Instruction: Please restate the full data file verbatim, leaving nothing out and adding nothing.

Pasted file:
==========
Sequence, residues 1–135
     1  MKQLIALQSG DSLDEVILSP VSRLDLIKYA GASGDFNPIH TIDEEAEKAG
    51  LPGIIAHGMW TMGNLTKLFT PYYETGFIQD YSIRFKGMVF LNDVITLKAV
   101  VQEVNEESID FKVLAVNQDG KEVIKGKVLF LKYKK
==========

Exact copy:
Sequence, residues 1–135
     1  MKQLIALQSG DSLDEVILSP VSRLDLIKYA GASGDFNPIH TIDEEAEKAG
    51  LPGIIAHGMW TMGNLTKLFT PYYETGFIQD YSIRFKGMVF LNDVITLKAV
   101  VQEVNEESID FKVLAVNQDG KEVIKGKVLF LKYKK